Save Money With Hugelkultur!

2 Materials
45 Minutes
Easy

Today I am popping on to share how I fill all of my garden boxes. It saves us money because we have less soil to buy, plus it is AMAZING for the plants! Here is my finished planter box. You may have already seen it on my previous post, where I show you how to rust metal. This particular planter box is from DIY Cartel, and I absolutely love it! If you'd like more info on how I rusted it, see my previous post. If you'd like to know more about the box itself, click here-- it is a GORGEOUS planter box, and we get so many compliments on it!

If you have ever purchased soil to fill large planter boxes, you know that it can get very expensive. So I have been using the Hugelkultur method, which is European method of making raised garden beds filled with rotten wood and other plant materials. Hugelkultur beds have naturally good drainage and produce rich, fertile soil that retains moisture. They're also a great way to clean up your yard!



The first thing I do is make sure the box has good drainage holes. This planter from DIY Cartel has predrilled holes, which makes it so easy! Then I create a layer of wood pieces. You can use a fallen tree or branches you have pruned. The older the wood, the better.

Next, I layer in leaves and pine needles, which help fill in the gaps.

After this, I place a few inches of potting soil. I like to use organic soil.

After this, I layer in greens, such as lawn clippings or plants I have pulled from the garden. Just be careful not to use anything that might go to seed and give you weeds. Here, I used old cabbage plants that needed to be removed from my other planter boxes.

Basically, you are creating a compost pile of alternating layers in the planter box. It will be sooooo good for your plants - lots of nurients! I continue layering leaves, bark, greens, and soil. In between layers, I like to wet down the soil and push it down with my feet at bit.

When you get to the top third of the box, you can finish it all off with potting soil. Just think about how big your plants are, and how much soil they will need to start off with. If you are putting in large plants with larger root systems, you will need a thicker top layer of soil to start. Everything under that top later will decompose over time, creating super rich soil that your plants will thrive on as their roots continue to grow! Here are my planted boxes:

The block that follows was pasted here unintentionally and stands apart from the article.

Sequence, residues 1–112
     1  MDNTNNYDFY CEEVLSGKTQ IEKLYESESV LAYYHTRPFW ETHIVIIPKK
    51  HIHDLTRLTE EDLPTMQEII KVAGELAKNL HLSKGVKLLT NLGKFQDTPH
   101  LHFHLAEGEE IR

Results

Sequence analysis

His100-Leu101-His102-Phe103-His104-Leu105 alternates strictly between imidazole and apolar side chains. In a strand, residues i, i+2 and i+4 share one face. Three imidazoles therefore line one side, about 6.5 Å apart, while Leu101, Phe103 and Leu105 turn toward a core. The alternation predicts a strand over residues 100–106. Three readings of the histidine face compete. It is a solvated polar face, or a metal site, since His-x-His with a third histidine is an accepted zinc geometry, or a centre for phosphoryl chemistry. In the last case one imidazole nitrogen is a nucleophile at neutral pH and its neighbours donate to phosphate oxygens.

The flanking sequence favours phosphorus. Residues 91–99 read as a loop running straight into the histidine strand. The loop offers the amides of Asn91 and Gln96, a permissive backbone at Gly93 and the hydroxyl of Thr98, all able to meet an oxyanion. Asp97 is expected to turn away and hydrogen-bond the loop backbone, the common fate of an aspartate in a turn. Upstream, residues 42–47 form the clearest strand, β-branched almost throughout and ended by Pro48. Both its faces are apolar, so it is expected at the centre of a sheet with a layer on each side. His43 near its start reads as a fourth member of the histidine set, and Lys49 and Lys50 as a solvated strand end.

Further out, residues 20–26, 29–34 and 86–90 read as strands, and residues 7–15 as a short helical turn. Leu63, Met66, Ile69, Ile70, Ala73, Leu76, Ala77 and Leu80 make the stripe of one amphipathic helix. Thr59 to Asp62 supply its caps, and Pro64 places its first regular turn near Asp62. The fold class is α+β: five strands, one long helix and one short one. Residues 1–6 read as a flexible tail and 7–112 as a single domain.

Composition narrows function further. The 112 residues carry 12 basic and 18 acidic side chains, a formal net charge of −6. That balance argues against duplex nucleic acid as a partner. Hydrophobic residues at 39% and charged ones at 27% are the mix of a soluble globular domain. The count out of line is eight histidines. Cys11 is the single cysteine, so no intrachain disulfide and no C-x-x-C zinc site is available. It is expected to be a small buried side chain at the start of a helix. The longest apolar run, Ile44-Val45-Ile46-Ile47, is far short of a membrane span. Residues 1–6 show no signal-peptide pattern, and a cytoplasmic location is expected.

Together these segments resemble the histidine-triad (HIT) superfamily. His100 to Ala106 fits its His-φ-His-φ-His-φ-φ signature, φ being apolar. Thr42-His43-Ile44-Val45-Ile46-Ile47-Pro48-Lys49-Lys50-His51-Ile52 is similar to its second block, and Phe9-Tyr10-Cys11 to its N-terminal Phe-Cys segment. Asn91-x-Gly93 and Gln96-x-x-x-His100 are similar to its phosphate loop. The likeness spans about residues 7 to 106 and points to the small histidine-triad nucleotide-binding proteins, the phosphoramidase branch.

Here is what this area looked like before:

And here is a photo of the huge garden beds that we built last year. It would have cost us so much money had we not used the Hugelkultur method, and just look at how the plants love it, too! We had an amazing garden! BTW, the fence panels are there to keep the forest friends (animals) out. :)

And, just for fun, here is a pic with the fence panel off, at Halloween!

If you liked this post, please share... and I would love it if you would follow me on Instagram or Facebook -- @jagcagdesign -- where I constantly post lots of fun DIY and money-saving projects!


Happy DIYing,

Xo,

Jamey

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Frequently asked questions

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3 of 10 questions
  • Benjamin Benjamin on May 10, 2021

    If you create a microcosm of composting items, don't you presume that the heat from the decomposition will become too much for the plants that are trying to live on the top layer? I get the concept of the breakdown of the green and brown layers and soil between becomes nutrients for the plants so that you don't actually need fertilizers for healthy growth. But the heat from the breakdown of the elements worries me. Please let us know how it all turns out with future posts. I'm curious...

  • Mona Plunkett Mona Plunkett on May 10, 2021

    Question...doesn't the breaking down of those materials generate heat that could harm to roots of your plants? Our compost pile gets really hot and we are continually turning it at regular intervals. I good idea though.


  • Could you do a post on how you made the fence?

Comments

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2 of 46 comments
  • Nasreen Nasreen on May 18, 2021

    Great idea have a concrete patio so your tip is great but layering it in browns & greens may cause some heat while it breaks down


  • P P on May 29, 2021

    the Formosan termites the old wood in the bottoms would attract in our New Orleans area gardens would eat the wooden fence & our frame house in short order - so I would skip the wood in the bottoms but composting 'in place' is great - plastic bottles or large plastic Mardi Gras beads could go into the bottom for drainage.

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